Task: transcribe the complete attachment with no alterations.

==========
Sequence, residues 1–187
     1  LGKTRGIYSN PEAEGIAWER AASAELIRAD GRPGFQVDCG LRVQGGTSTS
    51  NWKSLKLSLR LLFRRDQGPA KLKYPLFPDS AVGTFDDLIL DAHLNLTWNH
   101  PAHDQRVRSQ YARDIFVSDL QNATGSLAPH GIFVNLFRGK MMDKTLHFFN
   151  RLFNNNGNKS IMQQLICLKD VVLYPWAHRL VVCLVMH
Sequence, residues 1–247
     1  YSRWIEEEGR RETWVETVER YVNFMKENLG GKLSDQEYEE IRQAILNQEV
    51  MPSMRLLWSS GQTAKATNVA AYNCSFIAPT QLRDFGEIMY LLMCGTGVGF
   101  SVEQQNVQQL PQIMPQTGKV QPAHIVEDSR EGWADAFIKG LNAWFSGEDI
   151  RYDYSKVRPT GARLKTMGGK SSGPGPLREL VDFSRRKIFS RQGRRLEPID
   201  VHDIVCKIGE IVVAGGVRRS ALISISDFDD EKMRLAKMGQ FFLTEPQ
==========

Sequence, residues 1–187
     1  LGKTRGIYSN PEAEGIAWER AASAELIRAD GRPGFQVDCG LRVQGGTSTS
    51  NWKSLKLSLR LLFRRDQGPA KLKYPLFPDS AVGTFDDLIL DAHLNLTWNH
   101  PAHDQRVRSQ YARDIFVSDL QNATGSLAPH GIFVNLFRGK MMDKTLHFFN
   151  RLFNNNGNKS IMQQLICLKD VVLYPWAHRL VVCLVMH
Sequence, residues 1–247
     1  YSRWIEEEGR RETWVETVER YVNFMKENLG GKLSDQEYEE IRQAILNQEV
    51  MPSMRLLWSS GQTAKATNVA AYNCSFIAPT QLRDFGEIMY LLMCGTGVGF
   101  SVEQQNVQQL PQIMPQTGKV QPAHIVEDSR EGWADAFIKG LNAWFSGEDI
   151  RYDYSKVRPT GARLKTMGGK SSGPGPLREL VDFSRRKIFS RQGRRLEPID
   201  VHDIVCKIGE IVVAGGVRRS ALISISDFDD EKMRLAKMGQ FFLTEPQ